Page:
He burst on to the rugby scene as a raw 20-year-old in 1999, making his debut for Ireland - against Australia - before he had even played a senior game for Leinster, writes Alasdair Reid.
Fifteen years later and now the most-capped player in the history of the game, Brian O'Driscoll is about to take his leave of the sport, bowing out in tomorrow's RaboDirect PRO12 final against Glasgow Warriors at the Royal Dublin Society Showground. A rugby giant, he will leave us with many fond memories. These are just the best of them.
1 March 19, 2000 (Stade de France, Paris. Ireland v France)
Widely seen as the match which declared O'Driscoll's genius. He had established himself as a near-automatic choice for Ireland the previous year and had justified his presence with three tries in 10 Tests. However, he doubled that haul with a magical hat trick, helping Ireland to a 27-25 win, their first victory over France in 17 years, and launching what was to become the most successful period in Irish rugby history.
2 June 30, 2001 (The Gabba, Brisbane. Australia v Lions)
In a clash of rugby superpowers - Australia were reigning world champions, but the Lions were favourites - O'Driscoll emerged as a superstar on the strength of the brilliant second-half try he scored as he helped the tourists to a 29-13 victory. Collecting the ball near the Wallabies' 10-metre line, O'Driscoll scorched past three players then bamboozled Australia full-back Chris Latham as he cut inside to score between the posts. "Waltzing O'Driscoll" sang the jubilant Lions supporters long into the night.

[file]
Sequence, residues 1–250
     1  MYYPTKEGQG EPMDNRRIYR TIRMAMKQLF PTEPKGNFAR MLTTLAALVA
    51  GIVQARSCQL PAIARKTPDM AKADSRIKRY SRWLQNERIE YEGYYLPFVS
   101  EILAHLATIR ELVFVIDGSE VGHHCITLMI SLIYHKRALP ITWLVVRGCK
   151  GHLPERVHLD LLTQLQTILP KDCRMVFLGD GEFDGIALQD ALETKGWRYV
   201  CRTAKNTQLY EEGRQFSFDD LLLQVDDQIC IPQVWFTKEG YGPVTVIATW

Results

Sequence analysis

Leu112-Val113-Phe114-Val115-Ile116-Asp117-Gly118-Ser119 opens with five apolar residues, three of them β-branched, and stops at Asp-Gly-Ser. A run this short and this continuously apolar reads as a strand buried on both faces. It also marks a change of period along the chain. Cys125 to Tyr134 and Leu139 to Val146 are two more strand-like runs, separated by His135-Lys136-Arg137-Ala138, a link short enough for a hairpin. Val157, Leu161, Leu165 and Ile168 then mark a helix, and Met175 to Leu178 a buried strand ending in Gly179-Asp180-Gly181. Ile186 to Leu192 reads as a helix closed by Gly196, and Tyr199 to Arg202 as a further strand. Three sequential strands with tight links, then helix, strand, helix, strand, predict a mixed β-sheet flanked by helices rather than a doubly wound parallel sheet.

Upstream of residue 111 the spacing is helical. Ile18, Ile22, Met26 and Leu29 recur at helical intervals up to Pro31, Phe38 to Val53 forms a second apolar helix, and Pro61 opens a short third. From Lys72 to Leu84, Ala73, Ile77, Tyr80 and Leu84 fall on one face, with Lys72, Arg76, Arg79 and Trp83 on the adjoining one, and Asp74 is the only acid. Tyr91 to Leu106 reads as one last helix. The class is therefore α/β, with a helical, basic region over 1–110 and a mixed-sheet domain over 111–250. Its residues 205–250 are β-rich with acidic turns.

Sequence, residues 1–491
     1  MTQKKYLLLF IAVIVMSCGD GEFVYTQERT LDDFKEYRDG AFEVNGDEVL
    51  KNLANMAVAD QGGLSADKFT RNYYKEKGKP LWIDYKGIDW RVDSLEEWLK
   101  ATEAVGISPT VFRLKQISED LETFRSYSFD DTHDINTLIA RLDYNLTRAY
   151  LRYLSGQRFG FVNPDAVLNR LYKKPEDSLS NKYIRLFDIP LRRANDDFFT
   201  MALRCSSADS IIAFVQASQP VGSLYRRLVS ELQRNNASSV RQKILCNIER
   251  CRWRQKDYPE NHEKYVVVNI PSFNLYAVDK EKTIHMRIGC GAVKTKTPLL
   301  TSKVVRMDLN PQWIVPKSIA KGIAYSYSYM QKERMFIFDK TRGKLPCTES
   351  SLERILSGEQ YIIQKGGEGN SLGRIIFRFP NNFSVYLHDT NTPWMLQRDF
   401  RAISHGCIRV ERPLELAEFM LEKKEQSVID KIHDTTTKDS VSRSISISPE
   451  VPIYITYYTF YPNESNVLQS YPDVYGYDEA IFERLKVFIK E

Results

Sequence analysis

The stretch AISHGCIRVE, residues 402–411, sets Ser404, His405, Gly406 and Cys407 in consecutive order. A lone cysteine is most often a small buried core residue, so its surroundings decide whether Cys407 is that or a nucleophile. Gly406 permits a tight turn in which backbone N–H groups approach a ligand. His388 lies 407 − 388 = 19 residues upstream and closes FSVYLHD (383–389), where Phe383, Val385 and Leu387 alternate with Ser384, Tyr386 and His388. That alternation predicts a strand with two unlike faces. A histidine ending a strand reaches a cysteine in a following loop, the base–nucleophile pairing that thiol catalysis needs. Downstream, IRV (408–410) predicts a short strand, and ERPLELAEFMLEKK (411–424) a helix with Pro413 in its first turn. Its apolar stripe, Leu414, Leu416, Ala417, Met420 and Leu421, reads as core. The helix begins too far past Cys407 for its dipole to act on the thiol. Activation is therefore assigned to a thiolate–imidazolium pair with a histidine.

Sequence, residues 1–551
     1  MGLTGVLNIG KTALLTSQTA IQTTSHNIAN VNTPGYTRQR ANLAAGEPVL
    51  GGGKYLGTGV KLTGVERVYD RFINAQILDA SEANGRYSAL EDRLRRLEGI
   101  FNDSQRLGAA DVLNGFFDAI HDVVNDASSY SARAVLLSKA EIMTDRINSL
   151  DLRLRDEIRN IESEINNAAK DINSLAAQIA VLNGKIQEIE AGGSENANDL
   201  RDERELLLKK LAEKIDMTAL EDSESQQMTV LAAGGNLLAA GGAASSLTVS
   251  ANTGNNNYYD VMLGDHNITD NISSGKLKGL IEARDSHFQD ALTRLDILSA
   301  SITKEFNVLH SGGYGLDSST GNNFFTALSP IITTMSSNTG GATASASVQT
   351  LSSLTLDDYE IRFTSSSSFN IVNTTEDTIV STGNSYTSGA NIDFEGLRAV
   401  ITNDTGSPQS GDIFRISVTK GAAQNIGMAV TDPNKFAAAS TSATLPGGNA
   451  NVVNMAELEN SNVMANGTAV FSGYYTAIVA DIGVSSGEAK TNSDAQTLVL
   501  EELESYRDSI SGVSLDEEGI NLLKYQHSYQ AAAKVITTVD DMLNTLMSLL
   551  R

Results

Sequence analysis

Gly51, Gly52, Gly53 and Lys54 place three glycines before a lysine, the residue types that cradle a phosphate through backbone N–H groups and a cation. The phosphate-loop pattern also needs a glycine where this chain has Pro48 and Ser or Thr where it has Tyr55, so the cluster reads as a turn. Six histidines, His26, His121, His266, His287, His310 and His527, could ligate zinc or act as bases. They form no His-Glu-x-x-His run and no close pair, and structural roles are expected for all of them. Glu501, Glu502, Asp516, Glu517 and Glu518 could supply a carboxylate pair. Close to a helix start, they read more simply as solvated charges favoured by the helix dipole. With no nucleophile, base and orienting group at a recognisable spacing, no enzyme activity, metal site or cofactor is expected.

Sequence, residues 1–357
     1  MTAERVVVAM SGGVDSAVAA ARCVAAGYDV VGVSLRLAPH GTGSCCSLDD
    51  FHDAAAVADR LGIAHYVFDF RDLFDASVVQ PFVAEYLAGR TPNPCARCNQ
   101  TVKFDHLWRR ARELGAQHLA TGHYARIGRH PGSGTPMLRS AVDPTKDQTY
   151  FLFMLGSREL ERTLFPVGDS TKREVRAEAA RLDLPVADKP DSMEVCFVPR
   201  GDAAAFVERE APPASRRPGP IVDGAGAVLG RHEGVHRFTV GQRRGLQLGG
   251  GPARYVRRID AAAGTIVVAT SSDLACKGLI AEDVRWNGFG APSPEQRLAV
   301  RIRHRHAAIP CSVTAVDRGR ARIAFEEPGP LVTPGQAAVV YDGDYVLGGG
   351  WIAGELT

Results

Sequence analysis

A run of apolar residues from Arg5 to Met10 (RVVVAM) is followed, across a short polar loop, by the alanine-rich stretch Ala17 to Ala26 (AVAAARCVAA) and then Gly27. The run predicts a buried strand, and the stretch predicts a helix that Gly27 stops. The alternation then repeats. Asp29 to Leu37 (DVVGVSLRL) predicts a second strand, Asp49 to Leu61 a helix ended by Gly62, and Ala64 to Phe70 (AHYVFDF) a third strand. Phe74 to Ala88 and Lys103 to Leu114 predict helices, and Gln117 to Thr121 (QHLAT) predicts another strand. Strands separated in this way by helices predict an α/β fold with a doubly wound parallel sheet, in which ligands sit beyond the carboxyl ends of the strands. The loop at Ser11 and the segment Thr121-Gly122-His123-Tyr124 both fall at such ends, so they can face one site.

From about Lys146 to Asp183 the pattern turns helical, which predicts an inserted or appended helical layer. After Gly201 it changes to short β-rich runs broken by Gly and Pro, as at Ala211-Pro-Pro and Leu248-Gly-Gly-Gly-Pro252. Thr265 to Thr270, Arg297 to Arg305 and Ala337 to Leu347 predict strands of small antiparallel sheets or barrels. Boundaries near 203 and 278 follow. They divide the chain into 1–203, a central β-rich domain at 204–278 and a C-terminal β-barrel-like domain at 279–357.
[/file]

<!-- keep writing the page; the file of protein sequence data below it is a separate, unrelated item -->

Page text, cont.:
3 March 12, 2005. (Lansdowne Road, Dublin. Ireland v France)
Neither side were at their best that year - Wales won an unexpected grand slam - but O'Driscoll considers the try he scored against France to be the best of his career. It came close to the end of the game, when Frederic Michalak had just come on as a replacement from Yann Delaigue at fly-half. From behind a lineout, O'Driscoll caught Michalak cold with a sizzling break then planted full-back Julien Laharrague with a devastating sidestep on his way to the line. Simple, but utterly deadly.
4 February 28, 2009 (Croke Park, Dublin. Ireland v England)
Ireland had not won a grand slam since 1948 and a resurgent England side were certainly not going to make it any easier to end that streak. The English targeted O'Driscoll as Ireland's danger man, and the centre took a ferocious battering at their hands. However, he refused to buckle and made a decisive contribution 15 minutes into the second half when, after many Irish forwards had failed to find a way through, he muscled over from short range for the try that helped Ireland to a 14-13 win. Three weeks later he delivered another try against Wales to help secure their grand slam.
5 May 2, 2009. (Croke Park, Dublin. Leinster v Munster)
Leinster's failure to make a breakthrough in Europe had led one former Ireland internationalist to brand them "Ladyboys". They responded brilliantly. Against a Munster side whose European pedigree had been established with two Heineken Cup wins they played a game of power, purpose and spine-tingling intent, as illustrated when O'Driscoll intercepted a pass from Ronan O'Gara and raced 80 metres for a try. Leinster's 25-6 win made them top dogs in Ireland, a status reinforced when they defeated Leicester 19-16 in the Heineken Cup final at Murrayfield three weeks later.